Alcohols are classified according to the type of carbon atom they have.
There is a carbon atom in a benzene ring.
The OH group is on the second carbon atom.
The complete name is 1-bromo-3,3-dimethylbutan-2-ol.
The following alcohol has a systematic name.
The longest chain has six carbon atoms, but not the carbon bond to the hydroxy group.
The OH group contains five carbon atoms.
The chain is numbered from right to left to give the lowest possible number.
The compound is called 3-(iodomethyl)-2-isopropylpentan-1-ol.
The alcohols carbon atom is bonded to the hydroxy group.
The multiple bonds numbers were once Summary of Organic Nomenclature.
The new and old placements of the numbers are shown in the figure.
The order of precedence of functional groups is shown in Table 10-1.
Inside the back cover is a table called the "Summary of Functional Group Nomenclature".
The main group is considered the highest priority, and the others are considered substituents.
The IUPAC decided that the term "hydroxyl" should only refer to the.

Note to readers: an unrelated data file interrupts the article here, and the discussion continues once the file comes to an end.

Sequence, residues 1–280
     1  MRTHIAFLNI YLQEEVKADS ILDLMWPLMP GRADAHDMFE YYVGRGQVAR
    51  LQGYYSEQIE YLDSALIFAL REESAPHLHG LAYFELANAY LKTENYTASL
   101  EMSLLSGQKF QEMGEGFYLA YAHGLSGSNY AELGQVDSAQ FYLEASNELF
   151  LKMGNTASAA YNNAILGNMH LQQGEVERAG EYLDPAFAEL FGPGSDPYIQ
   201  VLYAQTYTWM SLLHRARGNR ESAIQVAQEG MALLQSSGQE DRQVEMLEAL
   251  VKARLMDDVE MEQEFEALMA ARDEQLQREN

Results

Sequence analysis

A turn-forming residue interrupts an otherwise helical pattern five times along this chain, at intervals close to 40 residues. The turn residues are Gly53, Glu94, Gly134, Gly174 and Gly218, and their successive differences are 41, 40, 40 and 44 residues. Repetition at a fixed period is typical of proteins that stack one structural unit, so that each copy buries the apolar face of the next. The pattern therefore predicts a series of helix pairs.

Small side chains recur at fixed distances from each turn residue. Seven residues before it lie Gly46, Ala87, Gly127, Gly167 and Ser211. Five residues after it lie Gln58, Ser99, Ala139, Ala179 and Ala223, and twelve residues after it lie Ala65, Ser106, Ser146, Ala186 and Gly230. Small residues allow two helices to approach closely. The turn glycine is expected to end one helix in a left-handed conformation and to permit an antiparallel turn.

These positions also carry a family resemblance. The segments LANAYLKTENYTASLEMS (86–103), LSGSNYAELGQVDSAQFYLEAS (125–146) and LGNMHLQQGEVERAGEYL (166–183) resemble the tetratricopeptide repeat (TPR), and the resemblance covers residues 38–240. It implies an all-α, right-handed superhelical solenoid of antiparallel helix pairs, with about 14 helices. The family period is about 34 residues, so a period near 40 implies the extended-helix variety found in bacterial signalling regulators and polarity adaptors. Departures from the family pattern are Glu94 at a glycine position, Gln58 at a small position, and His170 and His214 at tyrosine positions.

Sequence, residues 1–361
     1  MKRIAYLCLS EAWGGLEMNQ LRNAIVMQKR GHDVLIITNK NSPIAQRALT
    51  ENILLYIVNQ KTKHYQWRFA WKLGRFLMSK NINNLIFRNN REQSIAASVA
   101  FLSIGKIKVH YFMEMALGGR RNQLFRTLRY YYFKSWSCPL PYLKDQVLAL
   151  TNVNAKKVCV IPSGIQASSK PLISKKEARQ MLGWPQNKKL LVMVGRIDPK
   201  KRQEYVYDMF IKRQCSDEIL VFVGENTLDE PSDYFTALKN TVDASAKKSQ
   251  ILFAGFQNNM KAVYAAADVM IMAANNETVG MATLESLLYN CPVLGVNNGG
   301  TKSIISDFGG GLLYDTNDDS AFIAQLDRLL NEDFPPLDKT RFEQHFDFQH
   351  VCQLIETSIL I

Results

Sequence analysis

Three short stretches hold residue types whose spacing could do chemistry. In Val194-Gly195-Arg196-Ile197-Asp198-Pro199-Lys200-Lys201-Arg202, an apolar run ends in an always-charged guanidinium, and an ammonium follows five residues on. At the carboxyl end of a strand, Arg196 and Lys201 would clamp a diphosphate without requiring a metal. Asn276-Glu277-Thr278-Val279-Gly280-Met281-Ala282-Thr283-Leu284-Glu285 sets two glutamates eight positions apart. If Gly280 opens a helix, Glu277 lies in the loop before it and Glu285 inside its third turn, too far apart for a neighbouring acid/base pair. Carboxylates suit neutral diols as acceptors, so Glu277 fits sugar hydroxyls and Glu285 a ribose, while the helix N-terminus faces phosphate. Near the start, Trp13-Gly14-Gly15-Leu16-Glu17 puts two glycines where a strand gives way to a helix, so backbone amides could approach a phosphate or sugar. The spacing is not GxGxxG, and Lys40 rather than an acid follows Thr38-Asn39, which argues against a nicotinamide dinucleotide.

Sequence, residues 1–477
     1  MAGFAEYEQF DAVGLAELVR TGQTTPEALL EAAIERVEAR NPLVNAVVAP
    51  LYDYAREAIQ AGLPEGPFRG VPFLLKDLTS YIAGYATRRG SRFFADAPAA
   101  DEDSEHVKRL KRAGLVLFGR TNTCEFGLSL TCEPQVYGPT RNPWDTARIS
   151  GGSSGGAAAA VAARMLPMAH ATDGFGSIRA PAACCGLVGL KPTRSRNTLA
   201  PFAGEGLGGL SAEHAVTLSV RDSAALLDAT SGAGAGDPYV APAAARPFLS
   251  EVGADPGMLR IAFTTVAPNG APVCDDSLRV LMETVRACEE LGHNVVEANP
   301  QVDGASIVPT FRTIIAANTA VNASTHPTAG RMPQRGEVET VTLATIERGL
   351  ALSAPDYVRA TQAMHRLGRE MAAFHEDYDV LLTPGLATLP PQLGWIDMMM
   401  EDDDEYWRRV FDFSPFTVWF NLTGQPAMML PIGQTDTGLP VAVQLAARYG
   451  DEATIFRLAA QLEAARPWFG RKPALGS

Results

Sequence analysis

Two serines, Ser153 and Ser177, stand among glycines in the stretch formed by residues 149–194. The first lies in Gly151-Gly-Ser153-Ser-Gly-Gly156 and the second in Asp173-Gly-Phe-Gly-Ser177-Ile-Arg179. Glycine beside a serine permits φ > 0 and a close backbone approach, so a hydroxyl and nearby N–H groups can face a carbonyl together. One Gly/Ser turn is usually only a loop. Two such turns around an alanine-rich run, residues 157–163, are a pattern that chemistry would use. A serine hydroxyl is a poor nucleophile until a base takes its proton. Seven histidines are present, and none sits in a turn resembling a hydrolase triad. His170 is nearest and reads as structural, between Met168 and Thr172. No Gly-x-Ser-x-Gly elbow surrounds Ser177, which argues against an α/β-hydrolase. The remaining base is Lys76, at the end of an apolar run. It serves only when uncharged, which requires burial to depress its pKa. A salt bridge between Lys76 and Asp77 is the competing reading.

Common usage often ignores this new rule.
The names of the alcohols should be given to IUPAC.
The system shows an alcohol as a molecule of water with an alkyl group replacing one of the hydrogen atoms.
The IUPAC nomenclature should be used if the structure is complex.
The common name for each alcohol should be given with the IUPAC name.
Draw all the possible constitutional isomers of alcohols with each formula.
Give the name of the alcohol.
The preferred method for naming diols is this one.
The hydroxylation of alkenes is the most common method of synthesis of glycols.
Their common names reflect the synthesis of glycols.
We will use the "diol" name for diols, but be aware that the names "ethylene glycol" and "propylene glycol" are universally accepted for these common diols.
Give a name for each diol.
The systematic names and common names "carbolic acid" are shown in the following examples.